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Aromatic Lilacs Perfume Streets and Homes

A yard is a rarity in NYC; a balcony with plants is a luxury. But everyone can have a vase of fragrant flowers to brighten up their room.
Aromatic Lilacs Perfume Streets and Homes
Lilacs at the greenmarket in Brooklyn

A yard is a rarity in New York City; a balcony with plants is a luxury. But everyone can have a vase of flowers to brighten up their room. Each week at the greenmarkets, there are small reminders of the seasons’ constant changes. Keep an eye out as you approach, and you will see people with flowers or other foliage grasped in hands or tucked into tote bags.

After the holiday bouquets of evergreen, only bundles of twisted sticks or dried flowers were found among the winter stands overflowing with root vegetables. Branches of golden forsythia and cherry blossoms are some of the earliest signs of spring. Then there are the colorful tulips and the peonies as the months grow warmer with their heady fragrances and buttery petals.

Lilacs are now in bloom, bringing their rich scent and purple flowers to the markets. Lines form to bring home this redolent marker of spring. You can also find them in the Central Park Conservatory Garden, blooming next to the twisted trunks of the crabapples, and in the Brooklyn Botanic Garden, where over 100 specimens present an array of colors from white to magenta. In the New York Botanic Garden, there is a bounty of them that visitors since 1896 have been enjoying each spring.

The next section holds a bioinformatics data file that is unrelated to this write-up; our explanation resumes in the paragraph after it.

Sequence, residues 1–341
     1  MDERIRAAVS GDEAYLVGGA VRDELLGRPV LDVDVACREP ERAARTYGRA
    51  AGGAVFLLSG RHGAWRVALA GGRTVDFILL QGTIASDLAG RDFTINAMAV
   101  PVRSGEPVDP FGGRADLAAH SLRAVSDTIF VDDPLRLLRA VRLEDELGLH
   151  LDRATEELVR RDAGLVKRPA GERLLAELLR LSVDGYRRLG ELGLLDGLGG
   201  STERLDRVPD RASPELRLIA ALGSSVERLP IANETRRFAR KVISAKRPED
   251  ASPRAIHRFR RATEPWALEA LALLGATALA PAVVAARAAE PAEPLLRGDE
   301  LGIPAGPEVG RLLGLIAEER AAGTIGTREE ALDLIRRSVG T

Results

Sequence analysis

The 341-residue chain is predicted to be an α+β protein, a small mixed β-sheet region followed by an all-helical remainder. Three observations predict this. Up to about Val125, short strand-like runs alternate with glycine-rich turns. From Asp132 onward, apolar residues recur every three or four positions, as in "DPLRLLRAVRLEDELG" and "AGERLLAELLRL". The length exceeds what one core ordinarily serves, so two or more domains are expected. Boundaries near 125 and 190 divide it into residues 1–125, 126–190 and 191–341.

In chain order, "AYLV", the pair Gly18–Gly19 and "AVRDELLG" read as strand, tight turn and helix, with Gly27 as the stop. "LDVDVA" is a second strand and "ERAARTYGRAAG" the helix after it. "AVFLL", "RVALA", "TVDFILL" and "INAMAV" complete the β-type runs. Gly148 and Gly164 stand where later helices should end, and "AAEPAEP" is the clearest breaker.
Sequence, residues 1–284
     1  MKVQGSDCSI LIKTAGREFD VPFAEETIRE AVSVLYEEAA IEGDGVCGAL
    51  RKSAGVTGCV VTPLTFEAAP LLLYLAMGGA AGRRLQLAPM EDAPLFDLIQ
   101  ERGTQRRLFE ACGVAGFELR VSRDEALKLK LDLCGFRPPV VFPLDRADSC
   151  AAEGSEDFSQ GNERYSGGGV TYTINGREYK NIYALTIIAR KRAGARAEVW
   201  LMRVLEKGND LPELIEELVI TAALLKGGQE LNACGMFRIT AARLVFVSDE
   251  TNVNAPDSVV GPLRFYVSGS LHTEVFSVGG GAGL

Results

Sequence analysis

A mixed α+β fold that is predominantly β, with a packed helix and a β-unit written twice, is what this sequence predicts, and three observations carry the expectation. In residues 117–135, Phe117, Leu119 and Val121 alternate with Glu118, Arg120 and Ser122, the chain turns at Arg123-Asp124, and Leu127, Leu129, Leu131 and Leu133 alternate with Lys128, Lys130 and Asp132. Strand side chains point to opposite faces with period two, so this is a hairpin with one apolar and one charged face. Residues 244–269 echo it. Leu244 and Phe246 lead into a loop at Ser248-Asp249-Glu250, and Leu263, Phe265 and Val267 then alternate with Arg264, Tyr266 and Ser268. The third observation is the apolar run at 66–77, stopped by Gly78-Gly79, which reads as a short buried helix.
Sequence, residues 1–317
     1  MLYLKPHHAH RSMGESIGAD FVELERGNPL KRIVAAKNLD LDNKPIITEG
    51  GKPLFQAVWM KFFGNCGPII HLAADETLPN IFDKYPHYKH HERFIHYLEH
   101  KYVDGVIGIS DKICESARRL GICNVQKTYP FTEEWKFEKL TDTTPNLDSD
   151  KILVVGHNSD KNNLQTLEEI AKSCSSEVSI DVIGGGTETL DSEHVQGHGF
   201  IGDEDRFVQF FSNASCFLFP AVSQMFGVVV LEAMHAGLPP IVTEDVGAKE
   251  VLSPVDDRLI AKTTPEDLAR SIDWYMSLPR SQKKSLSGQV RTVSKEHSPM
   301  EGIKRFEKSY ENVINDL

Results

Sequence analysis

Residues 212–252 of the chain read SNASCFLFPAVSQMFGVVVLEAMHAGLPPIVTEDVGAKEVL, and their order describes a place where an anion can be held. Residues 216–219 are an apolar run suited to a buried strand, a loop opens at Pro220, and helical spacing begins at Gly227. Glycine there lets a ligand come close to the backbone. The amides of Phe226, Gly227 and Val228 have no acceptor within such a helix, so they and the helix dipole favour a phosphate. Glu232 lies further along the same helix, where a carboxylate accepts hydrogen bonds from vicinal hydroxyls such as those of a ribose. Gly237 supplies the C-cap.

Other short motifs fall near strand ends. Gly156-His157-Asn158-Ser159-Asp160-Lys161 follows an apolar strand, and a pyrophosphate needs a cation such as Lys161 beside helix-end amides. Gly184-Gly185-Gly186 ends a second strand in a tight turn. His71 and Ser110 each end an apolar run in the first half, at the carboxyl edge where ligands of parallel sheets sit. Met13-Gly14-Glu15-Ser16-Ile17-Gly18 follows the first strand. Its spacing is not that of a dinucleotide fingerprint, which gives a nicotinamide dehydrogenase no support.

It is a great time of year to visit a garden for any reason, but also stop by the greenmarket near you for those fleeting opportunities to hold a bouquet of lilacs in your hands, carry them home, let their perfume fill the space, watch them slowly fade as the seasons race on. Each day we are changing, and nature moves swiftly around us.

A bouquet of rose bud, yellow lily, and lilac expressing the sentiment: “I confess your majestic beauty has awakened my first emotions of love.” From ‘The Floral Offering: A token of affection and esteem; comprising the language and poetry of flowers’ (1858) (courtesy Biodiversity Heritage Library and Chicago Botanic Garden, Lenhardt Library)
  • Lilac, with its blooms coming early in the season, was often used to symbolize the “first emotions of love” in the Victorian language of flowers. See how in the bouquet above from the 1858 The Floral Offering it has been combined with yellow lily for “majestic beauty” and a rose bud for “secrecy” to transmit a message in a bouquet. Explore the fine collection of language of flowers books digitized by the Biodiversity Heritage Library for more ideas to place lilacs into coded arrangements.
  • Did you know that New York has an official State Bush, and it is the lilac bush (Syringa vulgaris)? Toast to the honor by trying your hand at making lilac tea or some more adventurous lilac wine.
  • Docked at Pier 25 in Hudson River Park is the Lilac, the only surviving steam-powered lighthouse tender ship in the country. It was not uncommon for tenders to be named after flowers, with the Amaranth, Azalea, Camellia, Dahlia, and Marigold all helping to maintain American lighthouses in the early 20th century.